Technology

What's next on Facebook's timeline

Mark Zuckerberg
Image caption Mark Zuckerberg - a man with a plan?

Facebook promised a summer of announcements, and we've certainly had that.

The press releases and corporate blog postings have been flowing out of Palo Alto faster than the site's newly introduced "ticker".

Automatic friend grouping, updated privacy controls, music, movie and news integration, Timeline and the aforementioned ticker have all transformed the look of the social network.

Some users have reacted with anger, demanding a return to the "old" Facebook. Many are simply befuddled - struggling to make sense of the whirring, buzzing modules that have suddenly appeared in their electronic lives.

But most Facebook members, it seems, are now resigned to its semi-regular updates, knowing that they will eventually adjust to them, just as when supermarkets move the location of their pickled onions for the umpteenth time.

Such are the consequences of being engaged in an ongoing experiment. In a world where we seek finished, perfected products with a money-back guarantee, signing-up to a work in progress can feel unsettling.

That is not to excuse Facebook for getting it wrong sometimes - spectacularly so on occasion. The fiasco of the invasive Beacon advertising product was widely seen as a low point. Its habit of rolling out updates that might impact privacy without fair warning continued a little longer.

Image caption Profile pages are replaced by a more visual timeline of a user's major life events

But the mis-steps are more often a failure of execution than a lack of vision. Mark Zuckerberg repeatedly shows - with growing confidence - that he has a plan for his site. It is probably wise not to confuse occasional ham-fistedness with a lack of direction.

Mr Zuckerburg has been slowly but surely building the concept of the social graph; the idea that not only every individual, but every location, item and action can be connected online.

Its first iteration, outlined at the 2007 f8 developers conference, linked people, applications and activities inside Facebook. The next stage - the open graph - saw it reaching out into the wider web, chronicling activities on external websites.

And now we see its latest incarnation. Gone is the "hassle" of clicking buttons and explicitly instructing Facebook to announce what we are doing on Spotify or reading on the Guardian website. Before you can think it, your current activity will automatically be whistling through the ticker.

Users who haven't done so already will need to intimately acquaint themselves with the site's privacy settings or risk repeated automated faux pas.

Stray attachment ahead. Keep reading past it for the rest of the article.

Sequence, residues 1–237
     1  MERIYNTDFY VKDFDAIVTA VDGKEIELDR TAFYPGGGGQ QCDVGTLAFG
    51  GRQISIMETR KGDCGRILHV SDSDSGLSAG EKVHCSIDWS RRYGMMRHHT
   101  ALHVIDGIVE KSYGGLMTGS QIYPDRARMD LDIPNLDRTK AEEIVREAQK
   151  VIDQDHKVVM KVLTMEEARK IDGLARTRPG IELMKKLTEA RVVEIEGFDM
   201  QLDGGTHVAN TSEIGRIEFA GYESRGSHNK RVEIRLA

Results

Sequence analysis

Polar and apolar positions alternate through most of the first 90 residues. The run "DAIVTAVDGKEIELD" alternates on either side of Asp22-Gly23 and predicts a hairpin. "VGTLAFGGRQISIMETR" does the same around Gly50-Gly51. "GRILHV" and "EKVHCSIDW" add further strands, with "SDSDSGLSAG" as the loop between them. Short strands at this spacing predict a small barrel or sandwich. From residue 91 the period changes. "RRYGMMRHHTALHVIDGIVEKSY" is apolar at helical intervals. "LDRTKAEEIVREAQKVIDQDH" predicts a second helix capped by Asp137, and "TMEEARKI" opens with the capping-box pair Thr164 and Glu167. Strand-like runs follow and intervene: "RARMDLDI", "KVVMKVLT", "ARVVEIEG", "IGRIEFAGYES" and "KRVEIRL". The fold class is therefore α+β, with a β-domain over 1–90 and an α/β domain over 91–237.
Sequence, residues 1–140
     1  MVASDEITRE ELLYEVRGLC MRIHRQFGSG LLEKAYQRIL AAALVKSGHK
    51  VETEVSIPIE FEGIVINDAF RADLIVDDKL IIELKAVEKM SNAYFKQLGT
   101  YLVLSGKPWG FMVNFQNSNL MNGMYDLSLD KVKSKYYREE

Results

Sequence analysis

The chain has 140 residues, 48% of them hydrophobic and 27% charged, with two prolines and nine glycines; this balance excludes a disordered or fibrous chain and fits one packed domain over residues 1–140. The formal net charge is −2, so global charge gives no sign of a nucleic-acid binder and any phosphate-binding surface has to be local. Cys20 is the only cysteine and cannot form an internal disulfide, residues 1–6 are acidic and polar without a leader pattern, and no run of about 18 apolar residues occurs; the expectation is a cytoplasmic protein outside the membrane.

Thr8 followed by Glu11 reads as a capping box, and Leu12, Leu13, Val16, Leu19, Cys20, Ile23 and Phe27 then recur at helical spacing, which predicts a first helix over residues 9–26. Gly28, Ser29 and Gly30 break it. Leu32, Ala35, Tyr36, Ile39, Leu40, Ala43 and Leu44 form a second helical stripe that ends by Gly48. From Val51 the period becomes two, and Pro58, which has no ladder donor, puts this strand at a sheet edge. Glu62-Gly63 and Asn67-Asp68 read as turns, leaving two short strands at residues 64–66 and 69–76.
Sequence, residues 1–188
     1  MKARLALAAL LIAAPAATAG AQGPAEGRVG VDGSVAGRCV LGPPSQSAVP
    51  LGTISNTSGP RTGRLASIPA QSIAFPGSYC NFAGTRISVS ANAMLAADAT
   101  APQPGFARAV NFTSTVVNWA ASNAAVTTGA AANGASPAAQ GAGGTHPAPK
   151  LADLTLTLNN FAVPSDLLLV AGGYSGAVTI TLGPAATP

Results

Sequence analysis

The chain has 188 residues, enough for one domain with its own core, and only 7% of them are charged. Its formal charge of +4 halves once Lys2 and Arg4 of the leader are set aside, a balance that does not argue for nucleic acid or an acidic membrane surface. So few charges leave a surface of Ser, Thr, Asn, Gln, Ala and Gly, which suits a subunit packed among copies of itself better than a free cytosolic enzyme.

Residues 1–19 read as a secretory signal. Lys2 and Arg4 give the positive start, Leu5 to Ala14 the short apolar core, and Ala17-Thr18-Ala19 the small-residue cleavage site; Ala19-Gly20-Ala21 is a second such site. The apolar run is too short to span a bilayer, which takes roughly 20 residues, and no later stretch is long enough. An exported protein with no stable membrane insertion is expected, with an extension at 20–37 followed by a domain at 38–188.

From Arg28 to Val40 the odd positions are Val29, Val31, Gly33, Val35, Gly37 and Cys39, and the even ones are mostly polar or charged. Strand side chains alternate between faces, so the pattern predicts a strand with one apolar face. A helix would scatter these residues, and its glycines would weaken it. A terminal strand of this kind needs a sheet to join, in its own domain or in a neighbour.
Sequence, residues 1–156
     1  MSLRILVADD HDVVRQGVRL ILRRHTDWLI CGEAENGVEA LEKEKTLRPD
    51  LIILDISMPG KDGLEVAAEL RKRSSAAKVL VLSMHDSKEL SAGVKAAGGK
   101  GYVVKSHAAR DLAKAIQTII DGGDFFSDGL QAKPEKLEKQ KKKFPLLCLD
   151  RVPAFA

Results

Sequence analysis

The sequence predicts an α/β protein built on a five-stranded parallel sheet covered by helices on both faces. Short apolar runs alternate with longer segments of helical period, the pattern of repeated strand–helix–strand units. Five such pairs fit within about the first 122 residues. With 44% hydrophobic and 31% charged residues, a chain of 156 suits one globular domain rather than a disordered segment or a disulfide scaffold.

There are worse things that can happen than your friends finding out that you listened to Total Eclipse of the Heart 12 times in a row, but we will doubtless hear of greater unintended disasters.

Is it fair to expose users to such risks?

There are rights and responsibilities in any society, and the push-pull between Facebook and its members over privacy will continue as long as the site exists.

Image caption Twitter and Google+ both have plenty to hold the attention

For every indiscretion, and possibly even tragedy, the question will be asked "Did Facebook do enough to keep them safe?" and "Did the user take responsibility for their own actions?"

But innovation is inevitable. Not least because Facebook has hungry rivals chomping at its heels.

Yet it is simplistic to characterise the site's every move as a response to Google+ or Twitter. Not everything the BBC does is a reaction to Sky, but the odd thing might be.

It is true that the ticker looks a lot like Twitter, as does the subscription system. But then Twitter looks a bit like an RSS feed, which resembles a journalist's newswire system, which has elements of the stock ticker about it.

In fact, the technological mechanism is a red herring. What Facebook is learning, is what any TV executive will tell you - if you are unlucky enough to be stuck talking to one at a party - that "content is king".

Twitter is a virtual blizzard of opinion - from Joey Barton's pop philosophy to Kim Kardashian's perpetual exclamation fest!! Google+ has become the default hangout for tech geek information exchange, with Robert Scoble and Jeff Jarvis presiding over matters. Both feel like an exciting place to be.

By comparison, Facebook has seemed a little quiet of late. "David is at Pret A Manger", I see.

Hence Mr Zuckerberg's plan to make it the hub of all consumption. In his vision, the site will become the Grand Central Station on everyone's daily commute.

The plan: if you care at all about broadening your horizons - seeing a new video, hearing a new song - this is the place to be.

No longer are the Wall, photos and poking enough. You need to leverage the might of news publishers, TV, cinema, anything and everything that is of interest.

That is what will bring in the crowds and keep people engaging with Facebook.

Ironically, it is the lesson that every wealthy young geek learns the hard way.

Just because you have a big house and maybe even a swimming pool, doesn't mean anyone is going to come to your party. But if you can get the cool kids to come along, everyone else will be beating a path to your door.

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